Development is often driven often by one particular need without full consideration of the wider impacts in the future. It is against this backdrop that an approach to development that balances the different needs against an awareness of the environment, social and economic limitations in the society was adopted by the United Nations member states in 2015 at its Sustainable Development Summit.
This international framework – Sustainable Development Goals (SDGs) – titled “Transforming our World: the 2030 Agenda for Sustainable Development”, is a global agenda to guide developmental efforts that provides shared blueprint for peace and prosperity for people and the planet, now and unto the future. With 17 goals, 169 targets, and 244 indicators (93 of which are related to the environmental), it aims to measure and address the most pressing issues facing the planet, and interactions amongst its components.
The environmental dimension of the SDGs covers the natural resource management, climate change, water-related and marine issues, biodiversity and ecosystem, circular economy, and environmentally sound management of chemicals and wastes. At the heart of these SDGs as it relates to the environment are clean water and sanitation (SDG 6), affordable and clean energy (SDG 7), decent work and economic growth (SDG 8), sustainable cities and communities (SDG 11), responsible consumption and production (SDG 12), climate action (SDG 13), life below water (SDG 14) and life on land (SDG 15) and partnership for the goals (SDG 17).
At the mid-point on the way to the agenda, it becomes necessary to evaluate and assess the progress of the scheme towards achieving the 2030 mandate. The annual report from the international body provides the trends over the years with respect to the progression and regression towards the course.
Its first report in 2016 was a call to all UN family and partners to embrace teamwork for the 15-year period undertaken. It also encouraged about 40 countries to ratify the Paris Agreement before the end of the year to enhance the SDG 13 (climate action). Summarising the maiden report, the UN Secretary-General said, “Ensuring progress in achieving the SDGs will be greatly enhanced by making sure that lessons are shared, and best practices are replicated”. Thus, the first year was used for sensitization, orientation and awareness for the SDGs.
The 2017 overview saw call for greater effort to accelerate progress of the SDGs. Titled “Progress towards the Sustainable Development Goals” (E/2017/6), the report showed that progress has not been equitable, with uneven advances across regions, between urban and rural populations, and depending on gender, age and wealth.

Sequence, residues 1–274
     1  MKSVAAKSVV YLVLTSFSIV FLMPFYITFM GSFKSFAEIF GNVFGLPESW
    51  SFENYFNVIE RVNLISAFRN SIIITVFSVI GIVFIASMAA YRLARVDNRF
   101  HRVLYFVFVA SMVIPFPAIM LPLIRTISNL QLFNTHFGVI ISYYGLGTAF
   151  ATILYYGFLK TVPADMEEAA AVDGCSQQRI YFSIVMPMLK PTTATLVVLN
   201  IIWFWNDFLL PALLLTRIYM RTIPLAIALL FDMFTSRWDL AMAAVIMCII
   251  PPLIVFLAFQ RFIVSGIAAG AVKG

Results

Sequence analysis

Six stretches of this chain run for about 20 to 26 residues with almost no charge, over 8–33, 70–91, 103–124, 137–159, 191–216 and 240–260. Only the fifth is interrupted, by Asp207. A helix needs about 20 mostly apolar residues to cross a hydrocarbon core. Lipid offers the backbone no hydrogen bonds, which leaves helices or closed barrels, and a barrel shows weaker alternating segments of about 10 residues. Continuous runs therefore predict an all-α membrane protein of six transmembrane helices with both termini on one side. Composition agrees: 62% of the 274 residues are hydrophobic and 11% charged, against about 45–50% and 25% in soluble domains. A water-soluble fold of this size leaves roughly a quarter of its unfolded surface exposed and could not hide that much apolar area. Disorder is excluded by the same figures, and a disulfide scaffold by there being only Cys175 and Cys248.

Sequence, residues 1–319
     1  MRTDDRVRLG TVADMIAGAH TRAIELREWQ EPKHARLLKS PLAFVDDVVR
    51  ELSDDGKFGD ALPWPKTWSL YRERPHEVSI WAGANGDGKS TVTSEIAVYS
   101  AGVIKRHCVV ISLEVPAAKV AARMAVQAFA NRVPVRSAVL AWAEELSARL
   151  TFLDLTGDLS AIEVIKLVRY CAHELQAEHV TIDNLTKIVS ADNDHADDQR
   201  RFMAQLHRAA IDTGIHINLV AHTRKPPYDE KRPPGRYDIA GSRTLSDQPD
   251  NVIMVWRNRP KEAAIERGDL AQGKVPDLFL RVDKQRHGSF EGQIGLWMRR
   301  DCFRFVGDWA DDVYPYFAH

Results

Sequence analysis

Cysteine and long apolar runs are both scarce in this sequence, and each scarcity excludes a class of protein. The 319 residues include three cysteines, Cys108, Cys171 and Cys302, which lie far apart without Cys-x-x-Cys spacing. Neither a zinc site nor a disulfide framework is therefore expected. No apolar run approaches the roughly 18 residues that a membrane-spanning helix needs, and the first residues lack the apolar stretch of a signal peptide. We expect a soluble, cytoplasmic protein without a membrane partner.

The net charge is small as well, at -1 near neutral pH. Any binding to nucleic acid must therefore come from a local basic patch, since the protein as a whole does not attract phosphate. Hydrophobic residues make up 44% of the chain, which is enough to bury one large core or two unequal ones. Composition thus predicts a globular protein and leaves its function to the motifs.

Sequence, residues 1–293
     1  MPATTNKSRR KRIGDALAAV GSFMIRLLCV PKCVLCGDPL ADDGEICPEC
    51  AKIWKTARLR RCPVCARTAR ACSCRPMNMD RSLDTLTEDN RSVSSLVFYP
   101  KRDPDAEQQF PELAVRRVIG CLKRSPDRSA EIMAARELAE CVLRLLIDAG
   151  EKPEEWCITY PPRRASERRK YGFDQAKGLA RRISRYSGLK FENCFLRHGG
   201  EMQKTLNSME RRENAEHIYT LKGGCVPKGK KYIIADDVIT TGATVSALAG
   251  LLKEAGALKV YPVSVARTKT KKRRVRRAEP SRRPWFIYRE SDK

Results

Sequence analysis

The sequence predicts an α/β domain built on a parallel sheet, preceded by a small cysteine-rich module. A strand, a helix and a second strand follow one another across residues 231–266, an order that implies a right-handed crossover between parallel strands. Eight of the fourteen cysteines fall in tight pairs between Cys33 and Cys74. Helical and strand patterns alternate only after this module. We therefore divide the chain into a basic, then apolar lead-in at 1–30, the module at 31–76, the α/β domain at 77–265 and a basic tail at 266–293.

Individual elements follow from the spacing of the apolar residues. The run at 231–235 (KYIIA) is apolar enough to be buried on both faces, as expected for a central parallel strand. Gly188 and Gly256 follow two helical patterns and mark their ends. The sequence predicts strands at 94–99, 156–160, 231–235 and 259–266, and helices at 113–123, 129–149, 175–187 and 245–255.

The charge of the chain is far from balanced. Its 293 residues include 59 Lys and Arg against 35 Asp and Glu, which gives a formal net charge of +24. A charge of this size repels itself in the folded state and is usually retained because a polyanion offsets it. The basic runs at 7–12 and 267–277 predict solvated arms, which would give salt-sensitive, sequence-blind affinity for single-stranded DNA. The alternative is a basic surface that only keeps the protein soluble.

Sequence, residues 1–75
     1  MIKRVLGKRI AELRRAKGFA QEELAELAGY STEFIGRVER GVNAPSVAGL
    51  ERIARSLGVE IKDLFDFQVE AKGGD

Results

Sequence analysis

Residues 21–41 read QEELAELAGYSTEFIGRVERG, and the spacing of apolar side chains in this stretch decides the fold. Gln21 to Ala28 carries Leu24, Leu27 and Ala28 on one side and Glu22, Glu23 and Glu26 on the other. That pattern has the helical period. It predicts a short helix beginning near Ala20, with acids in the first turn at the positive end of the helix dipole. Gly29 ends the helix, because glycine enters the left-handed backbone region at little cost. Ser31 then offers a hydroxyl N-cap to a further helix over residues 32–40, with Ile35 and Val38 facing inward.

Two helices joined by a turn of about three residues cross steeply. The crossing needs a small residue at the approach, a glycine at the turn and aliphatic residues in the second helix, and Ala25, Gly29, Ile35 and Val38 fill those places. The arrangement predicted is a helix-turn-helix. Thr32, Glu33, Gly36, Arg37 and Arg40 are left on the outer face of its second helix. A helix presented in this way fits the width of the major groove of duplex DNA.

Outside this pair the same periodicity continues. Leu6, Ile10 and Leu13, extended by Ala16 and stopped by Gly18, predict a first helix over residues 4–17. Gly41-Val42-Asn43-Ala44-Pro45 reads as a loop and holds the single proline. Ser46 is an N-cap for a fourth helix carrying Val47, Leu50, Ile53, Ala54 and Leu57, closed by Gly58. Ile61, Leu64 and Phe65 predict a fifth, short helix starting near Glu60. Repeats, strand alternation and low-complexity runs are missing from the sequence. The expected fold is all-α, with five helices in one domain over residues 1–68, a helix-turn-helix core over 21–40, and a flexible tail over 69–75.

The report called for a new approach for measuring progress in drinking water, sanitation and hygiene; accelerated progress to end open defecation, especially in rural areas of Southern Asia and Sub-Saharan Africa; and more efficient ways of using water and producing food (SDG 6). On SDG 7 (affordable and clean energy), SDG 8 (decent work and economic growth) and SDG 11 (sustainable cities and communities), it recorded that considerable progress has not been made. Findings on SDG 12 (sustainable consumption and production) showed many countries are not meeting reporting commitments under chemical and hazardous waste environmental agreements. Regarding SDG 14 (life below water), it highlighted that despite expansion of marine protected areas, overfishing threatens about one third of the world’s fish stocks; and without concerted action, eutrophication in coastal waters will increase in one-fifth of the marine ecosystems by 2050.
Progress on SDG 15 (life on land) showed continued shrink of the forest area; threat of extinction and survival for corals, amphibians, cycads and many species resulting from illicit wildlife poaching and trafficking. On a positive note, the report explains that while official development assistance reached a new high, aid to the poorest countries is lagging i.e. SDG 17 (partnerships for the Goals).
The Sustainable Development Goals Report 2018 recorded progress on SDG 12 (responsible consumption and production) with over 100 countries having sustainable consumption and production (SCP) policies and initiatives. The report also elaborated the dependency of transition towards sustainable and resilient societies on responsible management of finite resources (SDG 11), underscoring access to basic services as a steppingstone to sustainable development.
It further highlighted the global trends in decline of marine fish stocks and deterioration of coastal waters, due to pollution and eutrophication on SDG 14 (life below water) and shrinking of the world’s forest reserve areas with respect to SDG 15 (life on land), showing no progress from the 2017 report.
In the 2019 report, “Measuring Progress: Towards Achieving the Environmental Dimension of the SDGs”, the United Nations Environmental Programme (UNEP) analysed the progress made on the environment-related indicators by the SDG and by the region. Good progress was established on 23% of environment-related SDG indicators while lack of an agreed methodology characterised over 30% of the environment-related SDGs indicators. Also, SDG 12 was characterised by voluntary national reviews and SDG prioritisation processes.